Prognostic significance of p53 and ras p21 protein expression in surgically treated non-small cell lung carcinoma.

R. Cohen, A. Guber, R. Koren, Z. Marom, A. Siegal

Research output: Contribution to journalArticlepeer-review


BACKGROUND AND OBJECTIVE: The prognosis of surgically treated non-small cell lung carcinoma (NSCLC) varies even after careful selection of the patients; the conventional grading and staging system is often deficient in determining which cases will profit best from surgery. Additional techniques are needed to permit better prognostic evaluation. METHODS: In this research, 2 markers of cellular proliferation, p53 and ras (p21) proteins were examined. The material used was from the same series reported previously which were immunostained with different cytokeratin markers for the same purpose. Immunohistochemical stainings of p53 and p21 were performed on the paraffin sections of 88 NSCLC specimens: 45 squamous cell, 22 adeno- and 21 large or undifferentiated carcinomas. RESULTS: At stage I, positive or negative stains of p53 and p21 provided no prognostic information since they had similar 5 year survival rates of approximatively 50% which is similar to the mean predicted survival rate for stage I. In this group as well, there was no significant difference in immunostaining, either in relation to the histological type or grade of the tumors. At stage III-IV, we found a trend, which, however, was not statistically significant, between positive immunostains of p53 and p21 proteins and longer survival. CONCLUSIONS: These results vary from our previous study on the expression of the differentiation marker cytokeratin 18, which showed that positive staining of tumor cells was associated with a statistically significant poorer prognosis at stage I regardless of histological types.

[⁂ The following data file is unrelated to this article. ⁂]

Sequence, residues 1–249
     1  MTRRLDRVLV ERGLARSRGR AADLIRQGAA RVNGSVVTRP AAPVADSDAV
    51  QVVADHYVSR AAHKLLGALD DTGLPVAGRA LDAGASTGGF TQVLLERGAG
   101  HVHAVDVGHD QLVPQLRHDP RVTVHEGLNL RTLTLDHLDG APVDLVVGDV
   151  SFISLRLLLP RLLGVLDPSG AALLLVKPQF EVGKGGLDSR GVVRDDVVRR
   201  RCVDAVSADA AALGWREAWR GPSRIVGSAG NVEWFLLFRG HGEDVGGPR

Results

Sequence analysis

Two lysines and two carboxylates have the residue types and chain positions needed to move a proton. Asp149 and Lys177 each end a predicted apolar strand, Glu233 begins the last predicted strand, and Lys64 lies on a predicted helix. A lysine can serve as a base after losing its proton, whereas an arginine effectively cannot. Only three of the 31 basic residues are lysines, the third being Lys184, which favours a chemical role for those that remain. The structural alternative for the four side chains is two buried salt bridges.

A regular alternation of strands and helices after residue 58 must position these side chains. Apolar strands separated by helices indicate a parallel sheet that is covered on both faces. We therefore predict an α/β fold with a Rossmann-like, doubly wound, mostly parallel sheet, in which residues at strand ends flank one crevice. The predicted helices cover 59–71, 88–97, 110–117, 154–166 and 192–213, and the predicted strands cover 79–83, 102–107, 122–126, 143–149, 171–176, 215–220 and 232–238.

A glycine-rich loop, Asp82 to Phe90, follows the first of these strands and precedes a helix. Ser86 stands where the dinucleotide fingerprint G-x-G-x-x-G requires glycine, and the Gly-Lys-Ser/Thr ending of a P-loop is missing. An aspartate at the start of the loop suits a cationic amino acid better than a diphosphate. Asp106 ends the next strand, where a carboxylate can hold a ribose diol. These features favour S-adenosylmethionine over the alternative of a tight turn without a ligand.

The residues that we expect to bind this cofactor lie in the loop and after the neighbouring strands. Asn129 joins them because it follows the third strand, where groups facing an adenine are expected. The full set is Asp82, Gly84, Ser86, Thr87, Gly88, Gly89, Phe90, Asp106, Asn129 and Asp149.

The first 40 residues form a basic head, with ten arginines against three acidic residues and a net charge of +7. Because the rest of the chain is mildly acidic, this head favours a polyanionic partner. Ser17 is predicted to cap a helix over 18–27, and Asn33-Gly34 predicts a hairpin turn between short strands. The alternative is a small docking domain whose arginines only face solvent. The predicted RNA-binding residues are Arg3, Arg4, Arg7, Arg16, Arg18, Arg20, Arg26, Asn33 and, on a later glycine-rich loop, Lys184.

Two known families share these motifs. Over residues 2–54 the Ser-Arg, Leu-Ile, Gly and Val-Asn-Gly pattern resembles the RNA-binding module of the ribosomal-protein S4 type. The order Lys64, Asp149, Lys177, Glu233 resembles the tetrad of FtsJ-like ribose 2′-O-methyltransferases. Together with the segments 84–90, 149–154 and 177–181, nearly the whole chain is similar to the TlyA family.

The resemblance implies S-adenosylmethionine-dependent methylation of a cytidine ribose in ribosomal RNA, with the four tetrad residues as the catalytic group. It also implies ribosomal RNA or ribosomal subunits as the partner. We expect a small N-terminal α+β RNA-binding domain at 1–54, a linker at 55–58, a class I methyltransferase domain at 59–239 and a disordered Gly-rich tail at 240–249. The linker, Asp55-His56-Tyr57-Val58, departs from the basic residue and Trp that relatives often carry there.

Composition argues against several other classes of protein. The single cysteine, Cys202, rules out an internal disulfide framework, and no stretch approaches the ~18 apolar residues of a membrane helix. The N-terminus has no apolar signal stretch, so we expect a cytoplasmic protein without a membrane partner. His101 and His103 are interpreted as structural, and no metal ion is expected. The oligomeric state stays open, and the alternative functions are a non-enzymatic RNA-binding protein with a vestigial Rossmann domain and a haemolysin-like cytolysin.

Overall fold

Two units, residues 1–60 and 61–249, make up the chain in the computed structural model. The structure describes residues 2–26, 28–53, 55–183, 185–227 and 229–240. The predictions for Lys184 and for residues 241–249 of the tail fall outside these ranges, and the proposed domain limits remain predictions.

Original languageEnglish
Pages (from-to)117-123
Number of pages7
JournalRomanian Journal of Morphology and Embryology
Issue number1-4
StatePublished - 1998
Externally publishedYes


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